Pomegranates were originally cultivated in the Mediterranean. They’re mentioned numerous times in the Old Testament. From Deuteronomy, Numbers, Exodus, Kings, Jeremiah, and even the book of Joel. Pomegranates, or grained apple, as they’re also known, were so valued for their sweetness and nutrition, that people made sure to please God so they’d have ample supply. Because lest they didn’t obey God’s commands, one of God’s judgements, according to the book of Joel, was the withering of the pomegranate tree.

Historically, pomegranates and their seeds were used as an alternative to leather (the Romans tanned pomegranate skins), a remedy for tapeworm as well as a natural dye.

Several thousand years later, people are now value pomegranates for their medicinal properties. Research studies (like this one) conclude that the fruit may prevent or treat high blood pressure; high cholesterol; oxidative stress; high blood sugar, and systemic inflammation in the body (pomegranates can help manage rheumatoid arthritis, for example). Furthermore, the antioxidants in pomegranate may even help kill cancer cells (especially for prostate and skin cancers).

Bonus benefit: the antioxidant properties of pomegranate juice is more than that of red wine and green tea, say the researchers.

Because of their protection against oxidation, pomegranates may help fight signs of aging, both inside and outside of the body; it may prevent hardening of arteries while also improving skin quality.

As for their nutrition, most of the fiber in pomegranates comes from the seeds. The seeds are also high in vitamin C and potassium. Without doubt, it’s really easy to grab a handful or two of pomegranate seeds and sprinkle into a salad. So without further ado, let me share with you my two favorite salads to which I add them. 

Chef V Nutrient Dense Salads Featuring Pomegranate Seeds

Before I share my yummy salad recipes with you, let me give you a little tip about preparing salads. When I feature kale as the main green in the salad, I’ll squeeze fresh lemon juice on it and let it sit a few minutes. The acid in the juice helps to soften and wilt the greens, making them a little tastier. (I think some people are turned off by kale because of the unpalatable texture of it; the lemon juice helps with this.)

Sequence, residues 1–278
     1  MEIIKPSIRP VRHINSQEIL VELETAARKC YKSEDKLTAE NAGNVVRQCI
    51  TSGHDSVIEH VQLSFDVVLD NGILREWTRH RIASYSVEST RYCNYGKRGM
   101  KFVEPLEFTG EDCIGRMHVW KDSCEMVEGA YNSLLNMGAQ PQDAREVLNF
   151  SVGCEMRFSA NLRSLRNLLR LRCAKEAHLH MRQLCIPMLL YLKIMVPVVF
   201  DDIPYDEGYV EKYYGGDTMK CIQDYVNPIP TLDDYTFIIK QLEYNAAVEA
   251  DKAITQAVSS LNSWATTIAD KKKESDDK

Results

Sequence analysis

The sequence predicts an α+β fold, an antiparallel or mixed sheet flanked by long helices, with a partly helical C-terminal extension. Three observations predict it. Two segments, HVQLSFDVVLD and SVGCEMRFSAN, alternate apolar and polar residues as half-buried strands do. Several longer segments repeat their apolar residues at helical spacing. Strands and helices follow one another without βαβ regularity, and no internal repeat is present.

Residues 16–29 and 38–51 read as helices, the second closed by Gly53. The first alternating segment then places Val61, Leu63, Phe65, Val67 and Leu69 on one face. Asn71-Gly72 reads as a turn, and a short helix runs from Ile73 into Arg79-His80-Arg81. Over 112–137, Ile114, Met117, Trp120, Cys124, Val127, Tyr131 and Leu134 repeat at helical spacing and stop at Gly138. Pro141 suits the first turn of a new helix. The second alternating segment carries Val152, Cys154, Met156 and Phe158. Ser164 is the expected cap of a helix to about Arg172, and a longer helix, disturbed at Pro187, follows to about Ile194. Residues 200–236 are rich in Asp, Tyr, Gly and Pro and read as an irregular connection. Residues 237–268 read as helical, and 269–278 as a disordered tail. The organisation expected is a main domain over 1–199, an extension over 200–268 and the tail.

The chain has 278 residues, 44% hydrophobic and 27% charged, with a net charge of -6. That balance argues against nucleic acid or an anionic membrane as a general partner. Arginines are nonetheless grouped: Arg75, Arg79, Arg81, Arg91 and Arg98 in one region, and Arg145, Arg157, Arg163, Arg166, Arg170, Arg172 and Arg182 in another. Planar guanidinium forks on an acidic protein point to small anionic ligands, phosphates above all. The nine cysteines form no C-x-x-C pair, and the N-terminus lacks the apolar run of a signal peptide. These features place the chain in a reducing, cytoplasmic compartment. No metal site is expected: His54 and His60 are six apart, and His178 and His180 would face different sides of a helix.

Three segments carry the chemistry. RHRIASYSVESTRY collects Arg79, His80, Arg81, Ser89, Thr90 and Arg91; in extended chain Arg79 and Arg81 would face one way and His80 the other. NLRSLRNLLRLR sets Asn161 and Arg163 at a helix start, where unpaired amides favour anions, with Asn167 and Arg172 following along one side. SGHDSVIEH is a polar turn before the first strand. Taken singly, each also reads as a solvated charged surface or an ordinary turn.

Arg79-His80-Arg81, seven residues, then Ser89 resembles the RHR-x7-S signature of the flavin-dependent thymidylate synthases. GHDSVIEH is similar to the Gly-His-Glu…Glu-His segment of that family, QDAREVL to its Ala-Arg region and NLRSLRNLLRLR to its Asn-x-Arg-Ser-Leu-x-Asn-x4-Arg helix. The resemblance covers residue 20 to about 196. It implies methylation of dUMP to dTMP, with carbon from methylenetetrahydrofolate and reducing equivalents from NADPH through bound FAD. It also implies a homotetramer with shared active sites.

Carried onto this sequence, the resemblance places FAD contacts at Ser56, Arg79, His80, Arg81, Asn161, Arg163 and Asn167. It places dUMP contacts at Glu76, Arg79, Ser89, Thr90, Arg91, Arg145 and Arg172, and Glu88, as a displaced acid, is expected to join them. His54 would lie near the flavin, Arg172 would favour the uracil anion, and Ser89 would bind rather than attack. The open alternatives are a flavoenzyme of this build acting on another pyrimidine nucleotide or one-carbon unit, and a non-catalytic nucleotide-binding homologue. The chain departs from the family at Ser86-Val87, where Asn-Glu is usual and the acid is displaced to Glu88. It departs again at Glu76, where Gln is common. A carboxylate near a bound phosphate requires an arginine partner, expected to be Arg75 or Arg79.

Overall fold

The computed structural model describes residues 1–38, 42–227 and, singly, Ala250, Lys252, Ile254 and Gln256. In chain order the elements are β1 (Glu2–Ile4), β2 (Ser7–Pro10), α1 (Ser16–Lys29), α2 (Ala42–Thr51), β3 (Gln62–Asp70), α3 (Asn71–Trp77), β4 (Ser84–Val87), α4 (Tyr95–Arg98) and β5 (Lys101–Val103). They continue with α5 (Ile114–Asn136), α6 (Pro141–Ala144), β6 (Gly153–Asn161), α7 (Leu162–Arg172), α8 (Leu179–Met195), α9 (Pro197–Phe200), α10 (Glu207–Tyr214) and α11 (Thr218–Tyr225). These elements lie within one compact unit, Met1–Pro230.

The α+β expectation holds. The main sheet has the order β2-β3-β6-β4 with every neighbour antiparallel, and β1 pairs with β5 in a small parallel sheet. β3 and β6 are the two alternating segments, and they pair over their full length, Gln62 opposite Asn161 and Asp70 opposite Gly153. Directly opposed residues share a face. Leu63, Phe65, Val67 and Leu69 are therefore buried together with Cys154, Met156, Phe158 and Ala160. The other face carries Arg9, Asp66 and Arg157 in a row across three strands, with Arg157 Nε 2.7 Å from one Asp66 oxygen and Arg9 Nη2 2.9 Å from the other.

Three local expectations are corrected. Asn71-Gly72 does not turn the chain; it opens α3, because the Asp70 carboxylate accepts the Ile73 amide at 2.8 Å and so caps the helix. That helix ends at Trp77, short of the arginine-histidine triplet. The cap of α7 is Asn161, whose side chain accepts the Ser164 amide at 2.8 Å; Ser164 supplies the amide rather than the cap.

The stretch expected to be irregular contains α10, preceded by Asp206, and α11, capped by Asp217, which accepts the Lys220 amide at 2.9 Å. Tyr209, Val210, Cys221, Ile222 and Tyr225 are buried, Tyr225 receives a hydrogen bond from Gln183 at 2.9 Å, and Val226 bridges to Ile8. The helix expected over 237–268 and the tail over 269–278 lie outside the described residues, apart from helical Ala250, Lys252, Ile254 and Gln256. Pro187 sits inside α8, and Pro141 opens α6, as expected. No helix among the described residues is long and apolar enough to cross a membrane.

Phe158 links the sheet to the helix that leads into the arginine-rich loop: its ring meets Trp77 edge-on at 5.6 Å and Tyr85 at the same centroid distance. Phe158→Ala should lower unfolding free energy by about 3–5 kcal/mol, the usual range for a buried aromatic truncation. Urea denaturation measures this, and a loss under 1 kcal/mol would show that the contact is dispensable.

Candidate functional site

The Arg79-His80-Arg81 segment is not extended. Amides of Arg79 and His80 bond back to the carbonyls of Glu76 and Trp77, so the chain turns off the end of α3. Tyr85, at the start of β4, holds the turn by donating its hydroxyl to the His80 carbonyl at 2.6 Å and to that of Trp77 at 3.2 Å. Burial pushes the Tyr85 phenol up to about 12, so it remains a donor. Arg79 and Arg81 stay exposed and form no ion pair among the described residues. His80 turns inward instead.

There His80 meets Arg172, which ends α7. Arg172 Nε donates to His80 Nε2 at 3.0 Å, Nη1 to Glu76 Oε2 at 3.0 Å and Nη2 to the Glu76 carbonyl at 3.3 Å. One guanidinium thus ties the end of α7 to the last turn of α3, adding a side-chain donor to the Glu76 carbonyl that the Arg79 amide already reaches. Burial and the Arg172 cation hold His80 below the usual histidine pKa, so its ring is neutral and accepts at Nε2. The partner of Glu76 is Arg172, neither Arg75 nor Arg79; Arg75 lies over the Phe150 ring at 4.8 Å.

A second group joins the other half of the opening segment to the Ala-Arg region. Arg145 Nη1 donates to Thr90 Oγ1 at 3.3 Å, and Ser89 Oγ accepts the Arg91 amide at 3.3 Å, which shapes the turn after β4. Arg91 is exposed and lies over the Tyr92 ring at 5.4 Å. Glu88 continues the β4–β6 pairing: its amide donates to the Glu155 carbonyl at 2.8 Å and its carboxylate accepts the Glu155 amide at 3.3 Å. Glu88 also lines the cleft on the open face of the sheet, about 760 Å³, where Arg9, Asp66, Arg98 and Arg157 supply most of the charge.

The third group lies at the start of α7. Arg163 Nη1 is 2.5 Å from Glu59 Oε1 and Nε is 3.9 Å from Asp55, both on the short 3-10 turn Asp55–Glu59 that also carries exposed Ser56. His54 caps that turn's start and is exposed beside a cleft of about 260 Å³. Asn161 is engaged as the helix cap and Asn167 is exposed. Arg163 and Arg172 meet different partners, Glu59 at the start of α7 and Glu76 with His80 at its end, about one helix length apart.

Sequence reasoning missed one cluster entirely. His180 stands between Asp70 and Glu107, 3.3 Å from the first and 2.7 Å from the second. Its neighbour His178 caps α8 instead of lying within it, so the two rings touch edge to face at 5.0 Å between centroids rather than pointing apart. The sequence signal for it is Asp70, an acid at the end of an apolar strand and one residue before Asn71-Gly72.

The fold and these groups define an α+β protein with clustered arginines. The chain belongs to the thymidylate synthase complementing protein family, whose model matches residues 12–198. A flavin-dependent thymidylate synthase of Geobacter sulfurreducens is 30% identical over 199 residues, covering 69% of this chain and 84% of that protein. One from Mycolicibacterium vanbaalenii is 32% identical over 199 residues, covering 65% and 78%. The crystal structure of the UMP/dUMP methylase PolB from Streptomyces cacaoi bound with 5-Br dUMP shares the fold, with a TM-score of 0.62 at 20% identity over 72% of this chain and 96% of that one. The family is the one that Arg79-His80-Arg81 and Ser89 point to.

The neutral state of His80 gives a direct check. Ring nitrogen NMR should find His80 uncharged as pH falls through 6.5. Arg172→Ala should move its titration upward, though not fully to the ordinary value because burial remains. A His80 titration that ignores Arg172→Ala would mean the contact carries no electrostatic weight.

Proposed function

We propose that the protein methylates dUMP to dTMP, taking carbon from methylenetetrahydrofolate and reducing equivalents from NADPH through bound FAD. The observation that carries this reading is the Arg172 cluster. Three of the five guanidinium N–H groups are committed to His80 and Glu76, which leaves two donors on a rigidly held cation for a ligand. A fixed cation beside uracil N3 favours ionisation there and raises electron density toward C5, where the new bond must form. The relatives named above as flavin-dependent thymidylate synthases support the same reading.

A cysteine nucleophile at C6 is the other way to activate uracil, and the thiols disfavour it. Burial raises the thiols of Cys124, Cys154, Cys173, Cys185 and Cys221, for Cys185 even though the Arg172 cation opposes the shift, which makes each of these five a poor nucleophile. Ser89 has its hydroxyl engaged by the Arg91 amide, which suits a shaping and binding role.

Ok, the first salad recipe from my cookbook I’ll share with you is….

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Super Food Power Salad

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(serves 2)

Ingredients:

  • 1 lemon, juiced
  • 4 cups chopped green
  • kale or baby kale
  • 1 ripe avocado, diced
  • ½ cup pomegranate seeds
  • ½ cup red kidney beans, drained and rinsed
  • Raw pine nuts (or other fav)

First, squeeze the lemon juice onto the chopped kale and let it sit a few minutes. Then mash the avocado into the greens. Next, sprinkle with pomegranate seeds, kidney beans, and your favorite nuts, and serve.

Enjoy!

Craving more salad? Here’s the other yummy, filling, nutrient-dense salad with pomegranate seeds….

Chef V’s Antioxidant Love Salad

(serves 2)

Ingredients

  • 1 large organic red chard leaf, washed & chopped
  • 1 cup organic red leaf lettuce or red spinach, washed and chopped
  • 1 tbsp. cold pressed olive oil
  • 1 tbsp. organic balsamic vinegar
  • 1 small raw organic beet, washed, skinned & grated
  • ½ cup organic raspberries
  • 2 small radishes, shaved
  • ¼ cup pomegranate seeds
  • ¼ cup chopped raw walnuts

Directions:

Combine olive oil and vinegar with chard and red leaf lettuce. Divide lettuce on two separate plates. Distribute half the beets, raspberries, radish, pomegranate seeds and chopped walnuts to each salad.

Bon Appétit!